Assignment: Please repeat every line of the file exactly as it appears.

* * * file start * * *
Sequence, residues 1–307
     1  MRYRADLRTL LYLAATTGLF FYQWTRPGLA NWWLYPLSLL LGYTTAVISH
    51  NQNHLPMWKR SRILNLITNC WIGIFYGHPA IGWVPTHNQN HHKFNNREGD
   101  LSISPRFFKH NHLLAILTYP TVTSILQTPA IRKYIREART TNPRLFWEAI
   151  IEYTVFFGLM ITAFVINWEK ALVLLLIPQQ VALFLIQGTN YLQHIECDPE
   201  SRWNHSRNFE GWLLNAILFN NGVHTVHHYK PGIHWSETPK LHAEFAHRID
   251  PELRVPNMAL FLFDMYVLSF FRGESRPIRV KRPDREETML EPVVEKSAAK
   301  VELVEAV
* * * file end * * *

Sequence, residues 1–307
     1  MRYRADLRTL LYLAATTGLF FYQWTRPGLA NWWLYPLSLL LGYTTAVISH
    51  NQNHLPMWKR SRILNLITNC WIGIFYGHPA IGWVPTHNQN HHKFNNREGD
   101  LSISPRFFKH NHLLAILTYP TVTSILQTPA IRKYIREART TNPRLFWEAI
   151  IEYTVFFGLM ITAFVINWEK ALVLLLIPQQ VALFLIQGTN YLQHIECDPE
   201  SRWNHSRNFE GWLLNAILFN NGVHTVHHYK PGIHWSETPK LHAEFAHRID
   251  PELRVPNMAL FLFDMYVLSF FRGESRPIRV KRPDREETML EPVVEKSAAK
   301  VELVEAV